supermarket.jpg For numerologically-interpretive charismatics, “6” is the number of man. I just thought you’d want to know that. So evidently it’s time for a cleanup of the charismatic movement where it has been fueled by the ideas of men rather than the will of God and acts of the Holy Spirit. You know what I’m talking about.

Dan Edelen is starting a series ([1] [[2]) on “Cleansing the Charismatic Crackup,” and I thought I’d interact a little. Part of his posts includes a list of problems and solutions, and this is the part I will take a look at — you’ll still need to read his posts to get the full thrust of his argument. Here’s what he’s got so far:

Problem: In our rush to regain a proper pneumatology, today’s charismatics abandoned a proper Christology.
Solution: We need to get the focus back on Jesus.

Before I left my (charismatic) CLB, my wife and I held a conversation with some good friends. The four of us had been leaders and more recently had been spending time talking about some of the ills we saw and attempting to encourage one another on a path of endurance. One of us finally said something like, “You know, I really miss Jesus.” The statement really resonated, and we began to spend time together in the gospels — particularly the Sermon on the Mount. My experience of the charismatic movement is that it acknowledges and tends to preach that the Holy Spirit (and “everything”) points to Jesus… but the preaching is more often from the epistles or select Old Testament passages. It stands to reason, though, that if “everything” points to Jesus, we ought to take as close a look at him as we can in the gospels so that we will more easily recognize what does and doesn’t point to or exhibit the characteristics of Jesus.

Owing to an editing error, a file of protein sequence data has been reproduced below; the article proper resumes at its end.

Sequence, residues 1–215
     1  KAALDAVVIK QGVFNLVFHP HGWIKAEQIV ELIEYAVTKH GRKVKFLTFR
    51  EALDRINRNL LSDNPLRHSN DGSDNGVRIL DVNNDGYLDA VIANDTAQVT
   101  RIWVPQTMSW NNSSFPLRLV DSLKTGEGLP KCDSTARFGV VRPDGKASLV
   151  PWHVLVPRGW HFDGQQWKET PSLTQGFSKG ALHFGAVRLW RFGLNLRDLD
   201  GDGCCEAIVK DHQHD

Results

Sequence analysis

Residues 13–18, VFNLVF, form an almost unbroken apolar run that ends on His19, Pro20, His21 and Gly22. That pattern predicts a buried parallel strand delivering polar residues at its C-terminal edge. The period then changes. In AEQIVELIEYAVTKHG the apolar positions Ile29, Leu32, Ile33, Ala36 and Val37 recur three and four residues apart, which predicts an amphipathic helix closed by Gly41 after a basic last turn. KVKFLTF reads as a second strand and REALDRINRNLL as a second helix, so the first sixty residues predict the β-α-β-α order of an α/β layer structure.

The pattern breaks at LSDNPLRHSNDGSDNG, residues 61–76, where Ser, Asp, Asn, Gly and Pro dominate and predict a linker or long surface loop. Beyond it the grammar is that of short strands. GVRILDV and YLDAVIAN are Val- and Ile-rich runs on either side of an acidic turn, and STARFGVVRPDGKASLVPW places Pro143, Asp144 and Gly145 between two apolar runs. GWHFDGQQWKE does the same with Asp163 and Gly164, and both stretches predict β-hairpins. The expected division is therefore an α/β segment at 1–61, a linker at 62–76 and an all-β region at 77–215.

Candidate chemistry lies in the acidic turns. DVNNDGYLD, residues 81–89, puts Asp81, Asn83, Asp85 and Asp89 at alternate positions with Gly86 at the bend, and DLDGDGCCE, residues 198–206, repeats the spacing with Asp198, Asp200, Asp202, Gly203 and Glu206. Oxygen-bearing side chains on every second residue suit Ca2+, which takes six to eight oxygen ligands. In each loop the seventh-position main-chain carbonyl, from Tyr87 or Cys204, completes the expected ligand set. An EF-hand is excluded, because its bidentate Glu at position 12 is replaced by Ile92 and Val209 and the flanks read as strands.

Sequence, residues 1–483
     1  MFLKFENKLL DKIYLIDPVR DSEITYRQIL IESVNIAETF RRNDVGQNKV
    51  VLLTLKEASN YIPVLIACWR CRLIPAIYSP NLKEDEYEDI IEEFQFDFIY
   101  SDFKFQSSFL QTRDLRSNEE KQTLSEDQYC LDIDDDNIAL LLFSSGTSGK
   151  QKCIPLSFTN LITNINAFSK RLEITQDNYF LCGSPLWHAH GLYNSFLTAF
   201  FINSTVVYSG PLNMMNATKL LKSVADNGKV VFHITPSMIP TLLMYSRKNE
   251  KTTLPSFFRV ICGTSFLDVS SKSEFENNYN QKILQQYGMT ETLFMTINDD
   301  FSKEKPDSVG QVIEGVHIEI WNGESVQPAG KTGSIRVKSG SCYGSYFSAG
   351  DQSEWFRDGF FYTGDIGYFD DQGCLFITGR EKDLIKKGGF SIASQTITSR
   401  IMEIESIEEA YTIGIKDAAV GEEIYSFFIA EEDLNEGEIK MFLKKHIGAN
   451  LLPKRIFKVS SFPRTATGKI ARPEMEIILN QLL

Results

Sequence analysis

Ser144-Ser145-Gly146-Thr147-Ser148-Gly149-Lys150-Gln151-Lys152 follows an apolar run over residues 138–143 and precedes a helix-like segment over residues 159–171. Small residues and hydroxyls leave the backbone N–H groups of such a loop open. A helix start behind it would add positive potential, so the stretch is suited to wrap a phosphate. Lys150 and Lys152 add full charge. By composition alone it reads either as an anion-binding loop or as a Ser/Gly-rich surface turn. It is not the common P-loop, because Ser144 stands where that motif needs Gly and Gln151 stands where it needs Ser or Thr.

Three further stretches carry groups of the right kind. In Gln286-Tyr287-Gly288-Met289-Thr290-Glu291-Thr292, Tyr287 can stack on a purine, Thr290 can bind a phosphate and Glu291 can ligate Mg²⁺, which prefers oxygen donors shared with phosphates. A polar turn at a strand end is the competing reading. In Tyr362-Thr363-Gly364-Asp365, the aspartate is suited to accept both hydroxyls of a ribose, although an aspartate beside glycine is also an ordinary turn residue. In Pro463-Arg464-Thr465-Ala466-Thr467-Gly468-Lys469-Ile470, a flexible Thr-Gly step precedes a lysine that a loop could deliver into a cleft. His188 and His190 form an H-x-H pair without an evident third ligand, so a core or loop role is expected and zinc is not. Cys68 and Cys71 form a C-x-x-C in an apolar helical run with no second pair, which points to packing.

Problem: Too much of the charismatic movement is self-centered. People rush around looking for a spiritual fix for selfish reasons. Too many are obsessed with more power. Too many leaders lack even the most basic humility.
Solution: Get the cross back into the picture.

I’ve been uncomfortable with images of the cross in the charismatic movement, as it tends to get wrapped up in the idea of personal sacrifice and “laying it on the altar.” What we’re really talking about is selflessness, which is sorely needed. It is true that many (not all) charismatic leaders can exhibit an arrogance that is falsely taken as confidence or faith. I said in conversation essentially that power takes a second place to dialogue and relationship, which is outward-focused. There are a lot of “bless-me” charismatics running around looking for the latest word or prayer ministry from the latest prophet or evangelist or whoever. An outward focus is imperative as the movement needs to learn to bless others rather than merely those within the movement.

Problem: The movement is awash is Old Testament rituals or theology that were fulfilled in Jesus.